By Teachers, For Teachers
Play time isn't just for kindergarteners any more. It is a must for any teacher integrating tech in the classroom.
One of the biggest errors I’ve made as a tech-savvy teacher was not allowing students sufficient time to "play" with technology. Students need time to make mistakes and take responsible risks in order to become proficient at something, especially technology.
During my first year teaching, I planned an assignment using Microsoft Publisher and wanted everything to be just right. I had a great presentation for my science classes on how to create a flyer using Microsoft Publisher and for the most part I thought students were “getting it’. After all, when I finished showing them step by step, click by click, what they had to do I asked, “Does anyone have any questions before you log onto your computer and begin creating your flyer with Publisher?” No one raised a hand. I turned off the projector and instructed them to begin. Mission accomplished. I taught them how to use Publisher and create a flyer. That’s what I thought.
After a stroll around the classroom, it didn’t take long for me to realize that my students had no idea how to begin using Publisher, let alone create something with it.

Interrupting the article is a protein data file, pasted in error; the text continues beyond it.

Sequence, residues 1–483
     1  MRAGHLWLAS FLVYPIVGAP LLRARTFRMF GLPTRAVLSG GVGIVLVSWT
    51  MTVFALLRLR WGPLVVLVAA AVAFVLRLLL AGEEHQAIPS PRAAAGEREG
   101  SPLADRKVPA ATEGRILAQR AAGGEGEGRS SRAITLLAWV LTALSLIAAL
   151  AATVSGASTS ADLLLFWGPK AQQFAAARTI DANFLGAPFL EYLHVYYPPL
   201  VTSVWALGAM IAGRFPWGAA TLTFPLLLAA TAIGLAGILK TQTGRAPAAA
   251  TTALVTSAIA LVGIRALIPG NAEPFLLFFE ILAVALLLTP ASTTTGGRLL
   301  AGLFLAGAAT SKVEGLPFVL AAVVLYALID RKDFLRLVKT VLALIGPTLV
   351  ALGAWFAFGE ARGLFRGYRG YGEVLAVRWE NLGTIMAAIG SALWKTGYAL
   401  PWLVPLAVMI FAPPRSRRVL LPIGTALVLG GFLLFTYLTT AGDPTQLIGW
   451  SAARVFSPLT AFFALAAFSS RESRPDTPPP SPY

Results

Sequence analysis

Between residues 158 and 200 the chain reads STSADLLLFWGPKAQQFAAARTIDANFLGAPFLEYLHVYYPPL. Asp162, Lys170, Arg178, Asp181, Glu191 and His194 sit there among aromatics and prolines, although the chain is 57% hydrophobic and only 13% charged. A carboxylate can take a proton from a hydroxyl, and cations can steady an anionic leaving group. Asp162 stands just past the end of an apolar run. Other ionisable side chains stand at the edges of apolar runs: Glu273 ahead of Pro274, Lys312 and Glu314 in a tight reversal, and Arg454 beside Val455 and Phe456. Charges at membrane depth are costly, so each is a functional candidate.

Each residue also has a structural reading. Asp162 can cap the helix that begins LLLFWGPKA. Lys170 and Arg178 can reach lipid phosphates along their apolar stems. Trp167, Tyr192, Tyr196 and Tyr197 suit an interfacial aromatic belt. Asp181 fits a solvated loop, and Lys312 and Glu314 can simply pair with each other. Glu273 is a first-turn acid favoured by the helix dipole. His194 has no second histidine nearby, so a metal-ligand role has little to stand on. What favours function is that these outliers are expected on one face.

I was angry and frustrated. How could this be? Surely it was their fault for not being attentive during my presentation. Wrong. It was my fault. What I neglected to do was something that teachers overlook all the time. After introducing the new piece of technology I didn’t give my students enough time to “play” with it.
Since that experience I have made some changes. Now, every time I introduce a new type of technology to students I start by showing them just the basic keys, this usually takes no longer than 10 minutes. Allow them the rest of the period to practice using the technology.
Don’t assign the actual assignment yet. Instead, give them an alternate one that requires them to focus on the technology rather than content. For example, if your assignment asks them to create a PowerPoint presentation about animal and plant cells you could first have them create a quick PowerPoint about their family pet or favorite sport. It should not be an assessed assignment. Encourage them to make mistakes and responsible risks. Remind them throughout the period that they should master the basic keys and then build off of those keys by trying others. In doing so they will learn much more than you would be able to teach them. They are learning by doing.
Encourage them to have a mistake-filled day. The quality of work that they complete and the confidence they develop will again remind you why you wanted to become a teacher.
How do you ensure success when using tech in the classroom? Share in the comments section!
Guest post by Allen L. @http://www.technologyinclass.com/blog/